Last year, I had progressed to about 7-8 hours of non-consecutive uptime, but in January, I slipped and reopened things all over again.

Presently, I’m getting about 3-4 hours upright a day, non-consecutively, which includes personal care, food, and trying to get in a bit of work in the morning when my leak is at its best.

Getting to acceptance

Living with a leak is not easy. As I mentioned in a CNN piece I wrote about my spinal CSF leak, I would not have been able to stay afloat without grief therapy and a lot of work on mental mindset. Objectively, this is a very limited existence and coping with the loss of my identity, mobility, and life I worked so hard to build was not easy.

I will be writing a piece about how to get through terrible times, but for now I want to add that getting to acceptance isn’t as easy as people suggest on social media. And as I said in my November 11 talk, accepting the cards you’ve been dealt also does not mean you’re giving up. Rather, it involves holding those two birds in one hand: not fighting against the facts, while also keeping hope and looking at solutions for the future.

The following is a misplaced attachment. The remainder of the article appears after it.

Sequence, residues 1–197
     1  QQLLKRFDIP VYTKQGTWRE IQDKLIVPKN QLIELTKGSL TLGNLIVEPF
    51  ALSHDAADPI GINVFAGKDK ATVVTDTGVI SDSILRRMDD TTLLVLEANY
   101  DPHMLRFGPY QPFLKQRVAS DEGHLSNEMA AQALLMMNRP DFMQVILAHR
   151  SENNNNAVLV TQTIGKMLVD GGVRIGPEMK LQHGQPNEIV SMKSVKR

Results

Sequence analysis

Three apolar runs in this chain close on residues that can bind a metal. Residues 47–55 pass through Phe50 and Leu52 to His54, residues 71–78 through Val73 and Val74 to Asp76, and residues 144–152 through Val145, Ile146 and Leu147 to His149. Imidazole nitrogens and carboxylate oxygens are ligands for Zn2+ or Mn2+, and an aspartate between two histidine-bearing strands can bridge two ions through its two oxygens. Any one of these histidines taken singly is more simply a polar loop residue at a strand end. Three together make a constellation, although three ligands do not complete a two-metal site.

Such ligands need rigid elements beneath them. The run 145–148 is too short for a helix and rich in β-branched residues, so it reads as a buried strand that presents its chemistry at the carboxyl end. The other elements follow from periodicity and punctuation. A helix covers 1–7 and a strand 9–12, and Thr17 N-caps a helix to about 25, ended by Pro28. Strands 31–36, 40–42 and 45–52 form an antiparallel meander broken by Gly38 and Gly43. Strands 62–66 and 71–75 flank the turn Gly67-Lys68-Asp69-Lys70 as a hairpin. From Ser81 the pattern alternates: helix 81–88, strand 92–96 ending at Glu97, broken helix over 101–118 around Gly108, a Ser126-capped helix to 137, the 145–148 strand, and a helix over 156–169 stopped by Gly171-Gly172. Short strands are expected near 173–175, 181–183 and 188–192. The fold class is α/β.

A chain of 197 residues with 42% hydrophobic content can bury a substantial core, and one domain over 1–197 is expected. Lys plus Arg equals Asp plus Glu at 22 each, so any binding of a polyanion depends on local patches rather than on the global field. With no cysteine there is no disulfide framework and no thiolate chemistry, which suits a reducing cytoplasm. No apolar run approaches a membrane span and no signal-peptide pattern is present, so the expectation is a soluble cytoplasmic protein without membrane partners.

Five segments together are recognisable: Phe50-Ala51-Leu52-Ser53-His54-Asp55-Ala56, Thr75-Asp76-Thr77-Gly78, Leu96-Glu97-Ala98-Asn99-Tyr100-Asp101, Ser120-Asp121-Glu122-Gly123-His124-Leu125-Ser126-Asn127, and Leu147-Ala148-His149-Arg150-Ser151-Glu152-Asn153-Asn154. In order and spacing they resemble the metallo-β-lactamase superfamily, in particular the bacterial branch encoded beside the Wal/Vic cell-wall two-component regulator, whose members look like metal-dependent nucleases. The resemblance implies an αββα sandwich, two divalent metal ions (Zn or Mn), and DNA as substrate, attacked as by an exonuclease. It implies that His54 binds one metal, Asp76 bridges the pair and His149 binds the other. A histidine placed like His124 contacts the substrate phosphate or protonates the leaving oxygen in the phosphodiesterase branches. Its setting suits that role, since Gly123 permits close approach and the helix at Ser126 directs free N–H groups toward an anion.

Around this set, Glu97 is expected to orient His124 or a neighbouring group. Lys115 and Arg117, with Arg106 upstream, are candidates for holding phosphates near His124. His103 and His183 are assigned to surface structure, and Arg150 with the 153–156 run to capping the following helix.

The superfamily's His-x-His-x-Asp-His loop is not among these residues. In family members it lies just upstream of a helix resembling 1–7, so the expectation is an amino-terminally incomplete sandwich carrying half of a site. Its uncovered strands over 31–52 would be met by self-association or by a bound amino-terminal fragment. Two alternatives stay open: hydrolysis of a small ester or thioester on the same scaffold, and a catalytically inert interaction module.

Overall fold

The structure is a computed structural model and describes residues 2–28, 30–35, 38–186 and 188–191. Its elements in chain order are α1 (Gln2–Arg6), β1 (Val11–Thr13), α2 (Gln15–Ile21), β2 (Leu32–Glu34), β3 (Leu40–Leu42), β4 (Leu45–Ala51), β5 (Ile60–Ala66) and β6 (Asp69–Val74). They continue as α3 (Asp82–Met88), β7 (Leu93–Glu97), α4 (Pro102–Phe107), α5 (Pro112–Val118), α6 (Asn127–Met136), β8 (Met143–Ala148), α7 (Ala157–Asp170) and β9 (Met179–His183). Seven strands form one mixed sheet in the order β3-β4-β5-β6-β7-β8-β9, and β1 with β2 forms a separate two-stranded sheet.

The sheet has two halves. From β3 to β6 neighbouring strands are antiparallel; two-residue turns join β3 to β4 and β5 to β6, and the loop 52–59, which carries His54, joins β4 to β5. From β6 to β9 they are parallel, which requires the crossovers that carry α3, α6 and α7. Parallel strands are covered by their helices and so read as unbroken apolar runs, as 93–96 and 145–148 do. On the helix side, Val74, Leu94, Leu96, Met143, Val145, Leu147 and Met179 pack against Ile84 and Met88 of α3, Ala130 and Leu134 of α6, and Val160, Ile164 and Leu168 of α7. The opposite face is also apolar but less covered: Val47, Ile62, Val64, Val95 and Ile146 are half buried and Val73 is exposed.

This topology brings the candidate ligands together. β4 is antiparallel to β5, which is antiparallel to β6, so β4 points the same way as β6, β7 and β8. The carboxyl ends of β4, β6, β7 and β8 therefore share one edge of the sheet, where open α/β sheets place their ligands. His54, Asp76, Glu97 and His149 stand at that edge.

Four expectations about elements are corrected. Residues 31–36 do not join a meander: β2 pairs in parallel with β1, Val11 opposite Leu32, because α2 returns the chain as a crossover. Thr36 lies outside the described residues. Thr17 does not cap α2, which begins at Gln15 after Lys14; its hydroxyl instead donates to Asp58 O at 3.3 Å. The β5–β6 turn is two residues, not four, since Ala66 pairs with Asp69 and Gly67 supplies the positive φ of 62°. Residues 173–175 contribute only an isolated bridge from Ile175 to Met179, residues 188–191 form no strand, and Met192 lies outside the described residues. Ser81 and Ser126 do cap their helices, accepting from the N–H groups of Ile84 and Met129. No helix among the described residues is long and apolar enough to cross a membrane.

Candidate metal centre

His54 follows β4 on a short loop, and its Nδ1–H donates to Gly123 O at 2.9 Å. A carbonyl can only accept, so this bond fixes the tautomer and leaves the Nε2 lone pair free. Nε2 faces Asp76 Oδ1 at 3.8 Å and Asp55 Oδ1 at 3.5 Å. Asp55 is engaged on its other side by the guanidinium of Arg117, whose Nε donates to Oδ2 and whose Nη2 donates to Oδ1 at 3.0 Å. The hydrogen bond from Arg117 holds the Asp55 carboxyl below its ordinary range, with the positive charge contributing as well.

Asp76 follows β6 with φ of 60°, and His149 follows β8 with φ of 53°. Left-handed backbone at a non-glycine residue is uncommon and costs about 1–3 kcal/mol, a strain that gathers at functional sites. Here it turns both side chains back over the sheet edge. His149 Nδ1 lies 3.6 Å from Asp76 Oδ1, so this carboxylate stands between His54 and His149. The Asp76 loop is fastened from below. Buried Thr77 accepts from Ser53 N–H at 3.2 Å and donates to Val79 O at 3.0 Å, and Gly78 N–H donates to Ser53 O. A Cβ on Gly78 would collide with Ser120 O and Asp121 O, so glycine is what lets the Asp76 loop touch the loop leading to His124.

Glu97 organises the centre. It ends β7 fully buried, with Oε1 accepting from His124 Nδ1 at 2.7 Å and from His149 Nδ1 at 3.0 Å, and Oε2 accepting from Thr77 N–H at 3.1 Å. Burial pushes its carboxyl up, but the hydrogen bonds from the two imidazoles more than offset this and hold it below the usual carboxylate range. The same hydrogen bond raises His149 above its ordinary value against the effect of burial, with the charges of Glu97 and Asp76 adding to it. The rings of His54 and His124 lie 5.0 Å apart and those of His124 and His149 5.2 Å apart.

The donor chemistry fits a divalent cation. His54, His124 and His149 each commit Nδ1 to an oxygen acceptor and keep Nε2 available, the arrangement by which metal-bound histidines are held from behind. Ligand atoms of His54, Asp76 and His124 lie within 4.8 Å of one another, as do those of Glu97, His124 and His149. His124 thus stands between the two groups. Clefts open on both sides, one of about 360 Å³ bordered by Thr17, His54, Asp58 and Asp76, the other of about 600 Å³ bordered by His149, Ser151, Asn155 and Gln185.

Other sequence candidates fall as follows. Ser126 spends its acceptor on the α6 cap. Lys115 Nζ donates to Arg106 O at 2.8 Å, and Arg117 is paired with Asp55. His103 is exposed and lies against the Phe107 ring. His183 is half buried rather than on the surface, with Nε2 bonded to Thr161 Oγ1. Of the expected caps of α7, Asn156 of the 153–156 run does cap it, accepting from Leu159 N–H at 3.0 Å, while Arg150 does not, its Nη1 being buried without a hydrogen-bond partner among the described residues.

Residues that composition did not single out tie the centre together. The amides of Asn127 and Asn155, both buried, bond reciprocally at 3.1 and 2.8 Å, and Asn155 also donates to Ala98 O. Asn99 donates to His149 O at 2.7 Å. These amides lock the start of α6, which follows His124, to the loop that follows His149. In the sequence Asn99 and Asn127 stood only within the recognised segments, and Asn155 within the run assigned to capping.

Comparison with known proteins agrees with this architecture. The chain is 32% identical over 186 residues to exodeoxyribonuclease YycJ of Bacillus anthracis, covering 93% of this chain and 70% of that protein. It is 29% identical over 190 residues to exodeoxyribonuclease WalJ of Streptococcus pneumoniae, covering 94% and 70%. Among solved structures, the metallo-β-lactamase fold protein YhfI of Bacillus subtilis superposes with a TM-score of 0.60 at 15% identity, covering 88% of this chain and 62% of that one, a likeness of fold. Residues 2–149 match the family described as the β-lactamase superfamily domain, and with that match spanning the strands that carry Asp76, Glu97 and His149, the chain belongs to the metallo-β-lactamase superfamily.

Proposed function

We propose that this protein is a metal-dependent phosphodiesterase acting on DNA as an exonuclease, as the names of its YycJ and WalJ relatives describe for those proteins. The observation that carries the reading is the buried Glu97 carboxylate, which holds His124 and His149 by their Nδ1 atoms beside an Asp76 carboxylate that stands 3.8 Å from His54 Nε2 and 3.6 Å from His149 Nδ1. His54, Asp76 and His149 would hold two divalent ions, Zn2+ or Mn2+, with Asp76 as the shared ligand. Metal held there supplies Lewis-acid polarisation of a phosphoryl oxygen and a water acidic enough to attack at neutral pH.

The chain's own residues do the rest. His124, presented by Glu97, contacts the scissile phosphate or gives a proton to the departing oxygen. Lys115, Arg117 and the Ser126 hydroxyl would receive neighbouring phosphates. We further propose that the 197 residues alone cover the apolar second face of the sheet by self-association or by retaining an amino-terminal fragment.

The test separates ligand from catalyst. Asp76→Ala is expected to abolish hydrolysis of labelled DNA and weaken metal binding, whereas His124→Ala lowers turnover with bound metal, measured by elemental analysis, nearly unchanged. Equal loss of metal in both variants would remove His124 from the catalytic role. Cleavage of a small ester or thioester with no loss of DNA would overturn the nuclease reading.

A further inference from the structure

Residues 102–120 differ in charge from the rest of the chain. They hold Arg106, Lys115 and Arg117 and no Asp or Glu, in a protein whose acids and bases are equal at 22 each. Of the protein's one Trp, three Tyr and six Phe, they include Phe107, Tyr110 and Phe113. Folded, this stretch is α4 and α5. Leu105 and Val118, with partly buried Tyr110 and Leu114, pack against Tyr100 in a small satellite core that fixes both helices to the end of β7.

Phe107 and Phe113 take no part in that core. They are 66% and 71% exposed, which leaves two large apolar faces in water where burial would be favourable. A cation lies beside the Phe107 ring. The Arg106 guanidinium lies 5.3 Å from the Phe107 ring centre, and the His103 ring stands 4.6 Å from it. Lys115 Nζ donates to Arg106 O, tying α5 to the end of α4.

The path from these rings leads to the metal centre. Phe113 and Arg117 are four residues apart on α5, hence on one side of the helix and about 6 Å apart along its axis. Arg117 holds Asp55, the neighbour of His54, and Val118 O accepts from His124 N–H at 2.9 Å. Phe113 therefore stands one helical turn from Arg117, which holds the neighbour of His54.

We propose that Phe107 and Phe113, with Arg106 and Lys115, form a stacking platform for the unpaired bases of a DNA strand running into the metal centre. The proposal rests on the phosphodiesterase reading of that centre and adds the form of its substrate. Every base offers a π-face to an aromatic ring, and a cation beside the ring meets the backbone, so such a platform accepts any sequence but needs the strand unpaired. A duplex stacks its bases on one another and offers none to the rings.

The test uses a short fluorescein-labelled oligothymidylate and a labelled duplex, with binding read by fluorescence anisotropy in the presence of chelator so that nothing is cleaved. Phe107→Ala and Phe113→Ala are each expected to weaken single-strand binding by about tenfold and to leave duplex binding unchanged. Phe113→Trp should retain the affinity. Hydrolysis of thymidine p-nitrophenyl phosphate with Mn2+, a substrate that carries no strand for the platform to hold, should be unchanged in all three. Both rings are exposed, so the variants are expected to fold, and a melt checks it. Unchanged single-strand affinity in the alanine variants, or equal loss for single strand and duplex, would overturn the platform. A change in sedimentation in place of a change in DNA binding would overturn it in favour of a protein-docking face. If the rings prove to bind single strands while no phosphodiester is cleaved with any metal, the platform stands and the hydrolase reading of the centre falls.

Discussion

I do have hope that the field will evolve for a safe way to get me sealed eventually.

For now, however, I’m living with my spinal CSF leak as best I can.

A brief 2024 update

I moved apartments in 2024, and it was the first time doing so with all of these accommodations that had to move along with me. Having set up the same items in my new unit, I can safely say that they are a system that works even in transition. I was curious how the modifications would hold up in a new space, and they’ve all done great with the exception of my kitchen table and chairs, for which there is no room.

For further information, please see my articles Learning to Cope with Chronic Pain and, over on Legal Nomads, The Lumbar Puncture that Changed my Life.